Instead, she was shown to a cell containing four bunk beds. The toilets were holes in the ground and she said the entire place was 'hot and foul smelling'.

They were kept in prison for three days. Each day at 5am, she and Bibi were woken with the other prisoners and forced to attend a roll call in which they had to shout out their names.

'There was no air conditioning in the cells, so the 30 women on the block would drag their mattresses out and sleep in the canteen area,' Ellie said. After that, her survival instinct kicked in.

'I didn't know how long I would be in prison, but I had to be strong for Bibi and not show that I was afraid,' she said.

'A pregnant woman told me how she had been raped while being held in the prison. I feared it could happen to me, but thankfully with Bibi with me all the time nothing occurred.

'The guards always referred to me as "that Iranian woman". They never used my name but just that I was Iranian. I know the two countries do not get on and I think that played big part in what happened.'

Ellie said the other woman, some of whom had overstayed their visas, showed her and Bibi kindness that help soften the blow of their time in jail.

'The food was disgusting but they used money to buy Bibi crisps and left them under the mattress for her,' she said. 'I cannot thank them enough for the kindness they showed.

'Bibi doesn't like spicy food but the only thing she had to eat was a pot noodle with chilli.

'She was so hungry she ate the noodles but after each mouthful would take a drink of water. It was heartbreaking to watch her doing that but she was so hungry she had to eat.'

Ellie's partner Gary flew to Dubai and contacted the British consul to try and secure her release.

'The consul made all the right noises but they were useless,' said Ellie. 'The Swedish embassy were also useless and did not want to help.'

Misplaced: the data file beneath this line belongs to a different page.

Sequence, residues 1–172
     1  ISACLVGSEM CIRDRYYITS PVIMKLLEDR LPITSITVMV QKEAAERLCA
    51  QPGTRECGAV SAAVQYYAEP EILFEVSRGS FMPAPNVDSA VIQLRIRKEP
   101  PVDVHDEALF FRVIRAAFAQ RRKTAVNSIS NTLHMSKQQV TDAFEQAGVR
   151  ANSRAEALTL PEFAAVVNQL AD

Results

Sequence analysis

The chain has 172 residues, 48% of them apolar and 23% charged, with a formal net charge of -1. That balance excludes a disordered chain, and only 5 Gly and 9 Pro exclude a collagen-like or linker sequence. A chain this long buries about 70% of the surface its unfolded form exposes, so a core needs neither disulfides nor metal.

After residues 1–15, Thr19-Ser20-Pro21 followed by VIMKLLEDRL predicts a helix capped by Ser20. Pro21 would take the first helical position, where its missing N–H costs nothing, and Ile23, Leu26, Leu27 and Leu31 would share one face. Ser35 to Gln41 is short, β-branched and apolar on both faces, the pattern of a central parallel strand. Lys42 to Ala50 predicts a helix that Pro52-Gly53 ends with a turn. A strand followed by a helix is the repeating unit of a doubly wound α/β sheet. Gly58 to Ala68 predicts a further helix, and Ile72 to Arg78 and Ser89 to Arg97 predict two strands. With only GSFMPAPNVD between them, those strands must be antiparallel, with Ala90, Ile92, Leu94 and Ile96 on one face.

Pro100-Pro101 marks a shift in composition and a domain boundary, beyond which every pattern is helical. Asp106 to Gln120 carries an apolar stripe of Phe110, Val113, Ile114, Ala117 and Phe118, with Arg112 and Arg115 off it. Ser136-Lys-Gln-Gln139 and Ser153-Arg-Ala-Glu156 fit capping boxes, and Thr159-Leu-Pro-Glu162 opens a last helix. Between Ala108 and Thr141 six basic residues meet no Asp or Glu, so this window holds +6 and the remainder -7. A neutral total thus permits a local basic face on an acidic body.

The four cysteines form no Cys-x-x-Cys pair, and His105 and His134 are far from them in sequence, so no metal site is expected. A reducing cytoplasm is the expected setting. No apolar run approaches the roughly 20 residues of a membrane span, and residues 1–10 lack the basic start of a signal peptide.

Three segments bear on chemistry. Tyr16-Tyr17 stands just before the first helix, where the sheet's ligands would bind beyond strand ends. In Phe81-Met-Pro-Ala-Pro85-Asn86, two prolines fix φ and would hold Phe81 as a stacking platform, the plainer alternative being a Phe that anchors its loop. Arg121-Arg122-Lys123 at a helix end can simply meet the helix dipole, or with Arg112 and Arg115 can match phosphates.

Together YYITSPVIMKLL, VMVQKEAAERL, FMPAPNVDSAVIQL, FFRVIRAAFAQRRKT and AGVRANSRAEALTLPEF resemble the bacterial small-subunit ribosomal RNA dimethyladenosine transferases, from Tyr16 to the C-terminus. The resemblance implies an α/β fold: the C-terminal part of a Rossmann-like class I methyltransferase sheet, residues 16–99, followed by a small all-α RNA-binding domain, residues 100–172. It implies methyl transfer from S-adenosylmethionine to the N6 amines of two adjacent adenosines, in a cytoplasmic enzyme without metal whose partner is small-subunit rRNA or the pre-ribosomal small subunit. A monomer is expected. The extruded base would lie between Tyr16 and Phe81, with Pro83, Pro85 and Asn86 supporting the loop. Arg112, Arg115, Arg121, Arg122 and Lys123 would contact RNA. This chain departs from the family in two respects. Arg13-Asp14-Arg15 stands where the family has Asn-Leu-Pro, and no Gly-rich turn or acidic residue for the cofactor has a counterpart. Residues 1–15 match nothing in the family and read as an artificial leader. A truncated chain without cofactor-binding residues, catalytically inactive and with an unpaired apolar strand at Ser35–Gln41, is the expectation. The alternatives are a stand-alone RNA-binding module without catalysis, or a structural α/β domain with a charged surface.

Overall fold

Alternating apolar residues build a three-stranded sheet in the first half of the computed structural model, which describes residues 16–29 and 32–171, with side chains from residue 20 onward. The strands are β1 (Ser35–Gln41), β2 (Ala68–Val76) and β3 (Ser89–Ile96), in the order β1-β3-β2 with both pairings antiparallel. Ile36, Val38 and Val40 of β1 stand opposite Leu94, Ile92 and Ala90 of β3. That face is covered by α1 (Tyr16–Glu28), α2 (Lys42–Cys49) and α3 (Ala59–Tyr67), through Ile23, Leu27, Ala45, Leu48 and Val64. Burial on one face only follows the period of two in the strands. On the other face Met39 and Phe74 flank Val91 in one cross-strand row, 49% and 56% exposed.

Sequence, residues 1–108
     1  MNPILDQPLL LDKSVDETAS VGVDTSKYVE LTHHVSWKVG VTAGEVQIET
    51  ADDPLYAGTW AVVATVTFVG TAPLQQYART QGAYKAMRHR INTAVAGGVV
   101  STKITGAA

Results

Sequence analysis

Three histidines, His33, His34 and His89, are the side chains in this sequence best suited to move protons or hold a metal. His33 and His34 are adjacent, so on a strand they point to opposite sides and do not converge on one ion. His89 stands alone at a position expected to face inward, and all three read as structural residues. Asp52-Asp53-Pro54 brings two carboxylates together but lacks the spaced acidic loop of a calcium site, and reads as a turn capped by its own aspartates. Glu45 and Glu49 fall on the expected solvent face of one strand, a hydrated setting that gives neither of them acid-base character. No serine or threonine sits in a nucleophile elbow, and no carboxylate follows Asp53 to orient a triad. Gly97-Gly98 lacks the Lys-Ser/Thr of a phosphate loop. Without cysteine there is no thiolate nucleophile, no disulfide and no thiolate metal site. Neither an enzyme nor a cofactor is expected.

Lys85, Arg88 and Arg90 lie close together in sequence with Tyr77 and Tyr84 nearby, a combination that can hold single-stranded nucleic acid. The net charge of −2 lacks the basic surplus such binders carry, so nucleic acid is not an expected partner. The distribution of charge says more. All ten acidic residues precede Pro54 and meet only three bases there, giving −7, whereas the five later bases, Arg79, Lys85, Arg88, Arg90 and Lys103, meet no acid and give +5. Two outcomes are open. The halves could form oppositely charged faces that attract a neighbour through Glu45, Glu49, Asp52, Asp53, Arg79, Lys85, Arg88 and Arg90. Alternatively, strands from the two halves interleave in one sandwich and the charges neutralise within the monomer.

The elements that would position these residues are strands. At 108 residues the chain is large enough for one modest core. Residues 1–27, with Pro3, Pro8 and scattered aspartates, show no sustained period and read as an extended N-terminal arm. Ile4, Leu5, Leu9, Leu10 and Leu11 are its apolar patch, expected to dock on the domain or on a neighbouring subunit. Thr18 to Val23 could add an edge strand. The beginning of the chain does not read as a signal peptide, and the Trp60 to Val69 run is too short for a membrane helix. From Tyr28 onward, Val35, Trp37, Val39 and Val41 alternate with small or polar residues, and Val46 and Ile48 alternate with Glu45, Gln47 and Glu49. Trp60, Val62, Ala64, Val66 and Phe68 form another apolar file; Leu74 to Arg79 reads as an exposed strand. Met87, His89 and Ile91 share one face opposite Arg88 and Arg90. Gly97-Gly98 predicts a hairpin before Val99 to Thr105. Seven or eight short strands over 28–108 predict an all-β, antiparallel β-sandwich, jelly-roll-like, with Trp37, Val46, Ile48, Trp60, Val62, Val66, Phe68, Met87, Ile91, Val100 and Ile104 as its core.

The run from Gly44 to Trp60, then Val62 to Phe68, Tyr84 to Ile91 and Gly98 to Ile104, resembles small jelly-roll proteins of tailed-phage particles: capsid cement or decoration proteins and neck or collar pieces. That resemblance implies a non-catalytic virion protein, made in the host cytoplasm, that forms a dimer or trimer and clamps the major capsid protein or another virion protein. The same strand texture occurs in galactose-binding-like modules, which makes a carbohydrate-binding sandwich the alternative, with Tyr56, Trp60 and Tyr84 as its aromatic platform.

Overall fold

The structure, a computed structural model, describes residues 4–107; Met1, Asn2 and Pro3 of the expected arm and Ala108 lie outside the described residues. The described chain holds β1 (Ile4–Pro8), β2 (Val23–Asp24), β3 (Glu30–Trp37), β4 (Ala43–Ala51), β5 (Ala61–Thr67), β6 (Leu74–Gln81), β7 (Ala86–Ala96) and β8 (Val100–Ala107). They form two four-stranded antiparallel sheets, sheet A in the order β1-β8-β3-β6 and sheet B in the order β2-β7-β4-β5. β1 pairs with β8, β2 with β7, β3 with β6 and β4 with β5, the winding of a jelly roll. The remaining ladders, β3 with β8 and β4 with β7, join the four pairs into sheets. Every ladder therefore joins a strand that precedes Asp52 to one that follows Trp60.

Ellie was eventually allowed out of prison but kept under house arrest at a property belonging to a friend. She was told to hire a lawyer. Gary flew back to their home in Kent with Bibi, who was reunited with her brother Noah, eight, and Suri, nine.

Ellie stayed at a friend's villa alone while her lawyer said he would work on getting the charges against her dropped.

She was told that if she paid £40,000 to the immigration official she was said to have sworn at, the case would be annulled.

'I stopped using the lawyer and contacted the Detained in Dubai group to see if they could help,' said Ellie.

After MailOnline publicized Ellie's plight last Thursday, she received a telephone call telling her the country's ruler would sort out the problem.

She also received an apology and told she could leave on the first available flight back to the UK.

'I cannot thank MailOnline enough for helping me come back home. Without the story being publicized and taken up by other media I might still be there,' she said. 

The experience of the past month has left Ellie needing anti-anxiety medication. She said Bibi is now too afraid to sleep on her on but is otherwise seemingly unscarred by her prison ordeal.

'I used to love going to Dubai where I have many friends, but I will never go back,' said Ellie.

'If I had known I could be arrested for having a single drink on the plane then I would never have touched a drop.'

The NGO Detained in Dubai said: 'Laws regarding alcohol are very confusing in Dubai and that is the problem. It is not illegal to drink in a licensed premises, such as a hotel, but as soon as you step out in public you can be arrested for having consumed alcohol or if you are deemed to be drunk.

'Elle was not drunk or aggressive. Her arrest highlights an issue that is an ongoing risk to travelers. Tourists can be charged with having alcohol in their bloodstream in public. They should be aware that they could be arrested the minute they leave for having alcohol in their blood.' 

This article has been adapted from its original source.